Australasian Dentist Magazine Sept-Oct 2021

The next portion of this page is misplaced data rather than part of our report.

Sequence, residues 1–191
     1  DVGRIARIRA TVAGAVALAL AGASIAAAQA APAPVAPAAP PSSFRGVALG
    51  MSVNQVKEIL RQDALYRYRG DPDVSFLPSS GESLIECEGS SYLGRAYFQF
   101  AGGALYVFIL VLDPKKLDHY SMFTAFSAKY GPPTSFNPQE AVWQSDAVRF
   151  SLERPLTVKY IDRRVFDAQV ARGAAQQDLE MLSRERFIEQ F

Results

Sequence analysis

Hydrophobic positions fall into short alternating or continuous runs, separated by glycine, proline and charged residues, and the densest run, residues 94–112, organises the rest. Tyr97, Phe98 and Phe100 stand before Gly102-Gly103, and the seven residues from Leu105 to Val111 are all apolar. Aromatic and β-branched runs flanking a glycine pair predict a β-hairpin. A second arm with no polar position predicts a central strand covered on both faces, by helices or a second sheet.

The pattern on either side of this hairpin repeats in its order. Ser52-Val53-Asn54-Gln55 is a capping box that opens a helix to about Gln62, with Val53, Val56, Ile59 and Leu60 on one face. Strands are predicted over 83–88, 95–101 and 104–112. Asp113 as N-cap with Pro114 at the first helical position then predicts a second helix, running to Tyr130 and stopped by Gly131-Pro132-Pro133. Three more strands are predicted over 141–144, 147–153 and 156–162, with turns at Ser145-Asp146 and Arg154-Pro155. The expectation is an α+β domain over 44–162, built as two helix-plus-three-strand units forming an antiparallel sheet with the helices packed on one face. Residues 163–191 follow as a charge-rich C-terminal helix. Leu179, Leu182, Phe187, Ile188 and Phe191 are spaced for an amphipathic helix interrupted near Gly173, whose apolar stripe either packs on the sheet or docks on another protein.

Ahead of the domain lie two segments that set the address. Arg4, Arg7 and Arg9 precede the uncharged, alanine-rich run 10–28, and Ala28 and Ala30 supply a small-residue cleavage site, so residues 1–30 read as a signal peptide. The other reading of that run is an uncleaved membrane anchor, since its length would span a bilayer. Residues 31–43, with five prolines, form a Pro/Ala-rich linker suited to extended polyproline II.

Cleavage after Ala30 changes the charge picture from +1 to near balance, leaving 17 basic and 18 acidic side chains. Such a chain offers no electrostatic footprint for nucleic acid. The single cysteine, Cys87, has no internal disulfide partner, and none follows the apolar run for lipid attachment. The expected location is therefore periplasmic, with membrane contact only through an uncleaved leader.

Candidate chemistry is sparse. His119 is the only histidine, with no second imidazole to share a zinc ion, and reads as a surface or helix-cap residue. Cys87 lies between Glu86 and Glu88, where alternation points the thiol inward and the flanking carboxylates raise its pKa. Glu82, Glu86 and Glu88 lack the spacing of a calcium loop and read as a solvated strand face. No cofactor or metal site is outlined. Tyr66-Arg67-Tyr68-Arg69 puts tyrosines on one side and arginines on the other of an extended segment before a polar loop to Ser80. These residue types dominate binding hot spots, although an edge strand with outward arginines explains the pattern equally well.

Category 72 Australasian Dentist A geing begins at the ripe-old age of 25! From this point onwards, our genetic chronology means that we produce less collagen every year. This is seen in changes all over the face and body, but particularly in the lower face. As dentists, our patients often present to us wanting to improve their overall appearance, but we can be limited in our treatment options if we don’t look past the teeth themselves. Ageing shows up around the mouth as misaligned teeth, wear, discolouration and fracture lines. But there are a number of changes that occur in the soft tissues as a result of ageing too. The most notable is in the lip tissue itself. In youth, the lip is bound by a mucosal covering. Underneath this is a layer of fat that surrounds the Orbicularis Oris muscle. This is important as it gives voluptuous and structure. In the perioral region, the cutaneous portion of the lip contains hair follicles, sweat glands and most importantly, small oestrogen receptors. Again these give the cutaneous part of the lip structure and volume. So what happens when we age? The underlying skeleton of the face changes in a number of ways. The maxilla starts to narrow and regress posteriorly. This provides less support to the upper lip, as the teeth shift due to the shifting pattern in bone shape. The mandible also undergoes some changes too. The alveolar bone becomes thinner and moves posteriorly, and the lateral aspects of the mandible also loss volume and height. This translates to movement of the teeth and again less support of the lip tissue. The cutaneous part of the lip starts to lose collagen, and this is particularly accelerated in menopausal women. The oestrogen receptions start to see a decline in the essential hormones, and this results in an over[1]exaggerated response in the lips. Barcode lines – also known as smoker’s lines – start to appear with every contraction of the Orbicularis Oris muscle. Part of our response to these changes will be: 1. Check the dental occlusion and make improvements where necessary. 2. Increase the collagen and hyaluronic acid production in the perioral region and lips through stimulation 3. Use of skin boosters to improve skin condition and hydration. 4. Balancing Lip position with neuromodulators. 5. Increase Hyaluronic Acid deposition through the use of fillers. This will provide structure and support to the lip, helping to ‘upright’ the Orbicularis Oris muscle. Dental occlusion Changes in the dental occlusion, or the way teeth bite are constantly occurring through life. We can have a vertical dimension change (where the teeth close over each other more than they used to. Vertical dimension changes can occur as a result of tooth wear, tooth loss and crowding of the teeth. As the vertical dimension of occlusion changes, the distance between the maxilla and the mandible is also changed. Therefore, the position of the upper and How to go beyond the teeth to help your patient By Dr Giulia D’Anna, BDSc, MRACDS, Grad. Dip. Derm. Th Cert IV TAE, Grad. Cert laser Lip anatomy Lip anatomy: Mature Muscles of the face The vermillion border will start to lose volume too, as the fat content over the Orbicularis Oris muscle decreases with time. This results in folding of the muscle and the result is less lip display. This further compounds the appearance of marionette lines, since there is more compression of the lip onto the lower lip, with the reduced supportive tissue. Dr Giulia D’Anna clinical